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Imprints of cosmological tensions in reconstructed gravity

Abstract

There has been substantial interest in modifications of the standard Λ cold dark matter (ΛCDM, where Λ is the cosmological constant) cosmological model prompted by tensions between certain datasets, most notably the Hubble tension. The late-time modifications of the ΛCDM model can be parameterized by three time-dependent functions describing the expansion history of the Universe and gravitational effects on light and matter in the large-scale structure. We perform a joint Bayesian reconstruction of these three functions from a combination of recent cosmological observations, utilizing a theory-informed prior built on the general Horndeski class of scalar–tensor theories. This reconstruction is interpreted in light of the well-known Hubble constant, clustering amplitude S8 and lensing amplitude AL tensions. We identify the phenomenological features that alternative theories would need to have to ease some of these tensions, and deduce important constraints on broad classes of modified gravity models. Among other things, our findings suggest that late-time dynamical dark energy and modifications of gravity are not likely to offer a solution to the Hubble tension, or simultaneously solve the AL and S8 tensions.

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Fig. 1: Reconstructed functions.
Fig. 2: Reconstructed Σ.
Fig. 3: The impact on cosmological tensions.
Fig. 4: Illustration of the Hubble tension.

Data availability

The observational data used in this work are publicly available and referenced in the Article. Our work involves a lot of intermediate stages and different types of data, sharing it all is not feasible. Nevertheless, the data that support the plots within this Article and other findings of this study are available from the corresponding author upon reasonable request.

Code availability

An earlier version of the code used in our work, MGCosmoMC, is publicly available33,34,48. The updated version is available from the corresponding author upon reasonable request.

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Acknowledgements

L.P. is supported by the National Sciences and Engineering Research Council (NSERC) of Canada, and by the Chinese Academy of Sciences President’s International Fellowship Initiative, under grant number 2020VMA0020. M.R. is supported in part by NASA ATP grant number NNH17ZDA001N and by funds provided by the Center for Particle Cosmology. K.K. was supported by the European Research Council under the European Union’s Horizon 2020 programme (grant agreement number 646702 ‘CosTesGrav’). K.K. is also supported by the UK STFC grant numbers ST/S000550/1 and ST/W001225/1. M.M. has received support from a fellowship from ‘la Caixa’ Foundation (ID 100010434), with fellowship code LCF/BQ/PI19/11690015, the Spanish Agencia Estatal de Investigacion through the ‘IFT Centro de Excelencia Severo Ochoa SEV-2016-0599’ grant and the Agenzia Spaziale Italiana (ASI) under agreement number 2018-23-HH.0. A.S. acknowledges support from the NWO and the Dutch Ministry of Education, Culture and Science (OCW) (grant number VI.Vidi.192.069). G.-B.Z. is supported by the National Key Basic Research and Development Program of China (grant number 2018YFA0404503), NSFC grant numbers 11925303, 11720101004 and 11890691, a grant from the CAS Interdisciplinary Innovation Team and science research grants from the China Manned Space Project under grant number CMS-CSST-2021-B01. We gratefully acknowledge the use of GetDist50. This research was enabled in part by support provided by WestGrid (www.westgrid.ca), Compute Canada Calcul Canada (www.computecanada.ca) and by the University of Chicago Research Computing Center through the Kavli Institute for Cosmological Physics at the University of Chicago.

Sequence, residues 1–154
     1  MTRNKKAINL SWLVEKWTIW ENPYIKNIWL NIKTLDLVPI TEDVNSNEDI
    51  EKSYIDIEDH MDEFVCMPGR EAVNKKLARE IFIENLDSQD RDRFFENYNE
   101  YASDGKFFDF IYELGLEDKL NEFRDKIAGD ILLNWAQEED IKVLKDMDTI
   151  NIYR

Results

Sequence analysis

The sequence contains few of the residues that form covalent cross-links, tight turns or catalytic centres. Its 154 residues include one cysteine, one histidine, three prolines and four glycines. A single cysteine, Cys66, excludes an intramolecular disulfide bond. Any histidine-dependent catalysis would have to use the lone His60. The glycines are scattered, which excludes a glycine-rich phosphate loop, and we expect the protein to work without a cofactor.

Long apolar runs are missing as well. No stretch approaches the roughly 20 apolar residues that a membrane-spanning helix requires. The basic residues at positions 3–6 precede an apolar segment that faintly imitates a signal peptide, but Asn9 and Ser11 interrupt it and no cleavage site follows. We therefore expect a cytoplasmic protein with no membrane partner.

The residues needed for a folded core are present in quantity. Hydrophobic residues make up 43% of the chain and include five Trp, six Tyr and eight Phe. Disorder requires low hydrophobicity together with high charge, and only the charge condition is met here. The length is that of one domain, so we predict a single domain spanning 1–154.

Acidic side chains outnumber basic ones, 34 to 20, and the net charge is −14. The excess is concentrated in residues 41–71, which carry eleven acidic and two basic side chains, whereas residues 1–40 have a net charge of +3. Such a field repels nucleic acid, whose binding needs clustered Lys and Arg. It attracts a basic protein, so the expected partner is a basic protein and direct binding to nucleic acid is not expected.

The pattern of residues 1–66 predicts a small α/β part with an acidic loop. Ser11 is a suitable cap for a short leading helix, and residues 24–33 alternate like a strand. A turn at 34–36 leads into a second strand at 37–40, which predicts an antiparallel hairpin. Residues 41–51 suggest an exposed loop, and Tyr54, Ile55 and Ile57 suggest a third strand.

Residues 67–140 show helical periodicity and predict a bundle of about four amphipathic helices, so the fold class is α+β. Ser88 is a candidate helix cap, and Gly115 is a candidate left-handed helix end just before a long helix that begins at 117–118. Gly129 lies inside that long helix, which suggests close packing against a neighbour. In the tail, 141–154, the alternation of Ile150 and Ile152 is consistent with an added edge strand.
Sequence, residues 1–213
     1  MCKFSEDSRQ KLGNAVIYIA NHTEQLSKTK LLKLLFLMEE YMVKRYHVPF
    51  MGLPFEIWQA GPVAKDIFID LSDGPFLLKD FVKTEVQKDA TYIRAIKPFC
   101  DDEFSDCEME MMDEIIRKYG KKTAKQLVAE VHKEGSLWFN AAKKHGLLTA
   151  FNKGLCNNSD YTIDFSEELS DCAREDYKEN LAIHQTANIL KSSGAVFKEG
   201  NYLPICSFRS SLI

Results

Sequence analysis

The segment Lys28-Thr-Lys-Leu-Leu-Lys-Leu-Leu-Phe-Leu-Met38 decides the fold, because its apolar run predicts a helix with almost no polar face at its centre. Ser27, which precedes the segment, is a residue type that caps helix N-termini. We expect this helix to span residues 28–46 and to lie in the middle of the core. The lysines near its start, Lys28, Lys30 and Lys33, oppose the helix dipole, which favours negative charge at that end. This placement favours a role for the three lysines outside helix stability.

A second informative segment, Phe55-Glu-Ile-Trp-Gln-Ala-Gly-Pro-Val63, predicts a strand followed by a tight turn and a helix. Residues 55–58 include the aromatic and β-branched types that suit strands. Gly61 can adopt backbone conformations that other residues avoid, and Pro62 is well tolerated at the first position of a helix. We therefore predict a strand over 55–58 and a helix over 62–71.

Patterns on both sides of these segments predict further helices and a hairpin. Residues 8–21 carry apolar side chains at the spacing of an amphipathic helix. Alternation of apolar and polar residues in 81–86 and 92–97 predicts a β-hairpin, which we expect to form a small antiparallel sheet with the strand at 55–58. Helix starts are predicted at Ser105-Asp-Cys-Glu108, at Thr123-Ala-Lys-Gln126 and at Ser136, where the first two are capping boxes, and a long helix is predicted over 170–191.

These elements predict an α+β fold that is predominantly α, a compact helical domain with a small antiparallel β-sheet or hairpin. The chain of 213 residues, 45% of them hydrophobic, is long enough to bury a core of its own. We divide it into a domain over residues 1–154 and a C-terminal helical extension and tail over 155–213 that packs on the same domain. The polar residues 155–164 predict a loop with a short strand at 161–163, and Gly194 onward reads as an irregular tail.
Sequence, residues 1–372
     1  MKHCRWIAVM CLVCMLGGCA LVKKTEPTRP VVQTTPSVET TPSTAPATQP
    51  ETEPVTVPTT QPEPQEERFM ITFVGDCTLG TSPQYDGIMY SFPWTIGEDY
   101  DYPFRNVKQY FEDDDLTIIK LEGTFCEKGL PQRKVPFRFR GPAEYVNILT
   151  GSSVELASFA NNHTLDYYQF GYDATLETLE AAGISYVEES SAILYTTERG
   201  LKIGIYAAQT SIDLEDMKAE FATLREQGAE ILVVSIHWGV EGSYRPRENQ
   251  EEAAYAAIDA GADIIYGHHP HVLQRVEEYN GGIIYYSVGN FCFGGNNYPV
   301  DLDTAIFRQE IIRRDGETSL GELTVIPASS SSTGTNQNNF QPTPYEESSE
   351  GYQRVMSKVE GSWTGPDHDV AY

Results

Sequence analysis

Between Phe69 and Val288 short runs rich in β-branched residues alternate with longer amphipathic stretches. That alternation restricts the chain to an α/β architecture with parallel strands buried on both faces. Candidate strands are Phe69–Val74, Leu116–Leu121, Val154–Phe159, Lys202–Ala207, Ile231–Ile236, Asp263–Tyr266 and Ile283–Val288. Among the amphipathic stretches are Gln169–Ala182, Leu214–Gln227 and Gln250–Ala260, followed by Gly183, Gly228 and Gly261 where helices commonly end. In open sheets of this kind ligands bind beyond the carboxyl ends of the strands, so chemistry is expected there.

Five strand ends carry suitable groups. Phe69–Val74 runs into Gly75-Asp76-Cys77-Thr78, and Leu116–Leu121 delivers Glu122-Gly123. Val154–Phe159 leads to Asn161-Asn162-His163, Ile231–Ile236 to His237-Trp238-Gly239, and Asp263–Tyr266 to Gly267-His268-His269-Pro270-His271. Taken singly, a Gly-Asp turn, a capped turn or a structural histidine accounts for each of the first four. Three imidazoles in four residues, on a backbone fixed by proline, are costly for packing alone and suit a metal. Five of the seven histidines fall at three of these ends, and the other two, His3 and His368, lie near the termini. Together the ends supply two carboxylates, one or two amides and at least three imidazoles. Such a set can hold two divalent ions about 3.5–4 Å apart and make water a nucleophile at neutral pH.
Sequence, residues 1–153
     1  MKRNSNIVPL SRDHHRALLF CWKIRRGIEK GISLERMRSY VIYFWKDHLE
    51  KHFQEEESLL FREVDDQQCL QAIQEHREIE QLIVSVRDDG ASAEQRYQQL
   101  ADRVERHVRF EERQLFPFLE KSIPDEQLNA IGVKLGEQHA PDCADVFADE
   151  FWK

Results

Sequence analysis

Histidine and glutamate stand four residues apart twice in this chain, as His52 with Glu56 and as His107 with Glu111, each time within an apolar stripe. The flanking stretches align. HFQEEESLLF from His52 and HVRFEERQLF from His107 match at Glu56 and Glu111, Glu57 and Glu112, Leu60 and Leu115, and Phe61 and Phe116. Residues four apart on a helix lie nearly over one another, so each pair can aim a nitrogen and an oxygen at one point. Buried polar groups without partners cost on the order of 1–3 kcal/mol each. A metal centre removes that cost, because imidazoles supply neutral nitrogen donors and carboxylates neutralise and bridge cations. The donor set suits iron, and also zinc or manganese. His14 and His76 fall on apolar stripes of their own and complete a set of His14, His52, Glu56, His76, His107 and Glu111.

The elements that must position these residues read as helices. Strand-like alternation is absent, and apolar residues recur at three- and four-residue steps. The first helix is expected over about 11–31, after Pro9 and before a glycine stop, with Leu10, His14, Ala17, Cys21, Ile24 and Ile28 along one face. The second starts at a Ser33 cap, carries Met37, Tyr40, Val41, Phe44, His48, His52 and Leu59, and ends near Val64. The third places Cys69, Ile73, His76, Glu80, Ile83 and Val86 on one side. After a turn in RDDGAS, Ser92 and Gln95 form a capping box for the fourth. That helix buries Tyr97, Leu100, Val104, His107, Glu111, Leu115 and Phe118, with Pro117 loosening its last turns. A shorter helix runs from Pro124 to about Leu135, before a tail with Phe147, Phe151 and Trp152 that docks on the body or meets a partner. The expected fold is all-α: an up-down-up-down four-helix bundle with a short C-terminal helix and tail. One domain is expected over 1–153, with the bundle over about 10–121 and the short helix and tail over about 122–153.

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Contributions

L.P. co-initiated the project, helped develop the theoretical framework and numerical tools, tested the code and Markov chain Monte Carlo runs, performed part of the data analysis, drafted the manuscript and wrote a significant part of the text. M.R. co-initiated the project, helped develop the theoretical framework and numerical tools, helped with testing the code, performed a significant part of the data analysis, made most of the plots and tables, and contributed to writing the Article. K.K. co-initiated the project, helped develop the theoretical framework and contributed to writing the manuscript text. M.M. co-initiated the project, helped develop and test the numerical tools, performed part of the data analysis and contributed to writing the manuscript text. A.S. co-initiated the project, helped develop the theoretical framework and contributed to writing the manuscript text. G.-B.Z. co-initiated the project, helped develop the theoretical framework and numerical tools, helped with testing the code and contributed to writing the manuscript text. J.L. implemented most of the modifications of MGCAMB and MGCosmoMC required for this work. S.P. helped develop the numerical tools and performed some of the test Markov chain Monte Carlo runs at early stages of the project. A.Z. helped with the implementation of modifications of MGCAMB and MGCosmoMC.

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Correspondence to Levon Pogosian.

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Pogosian, L., Raveri, M., Koyama, K. et al. Imprints of cosmological tensions in reconstructed gravity. Nat Astron (2022). https://doi.org/10.1038/s41550-022-01808-7

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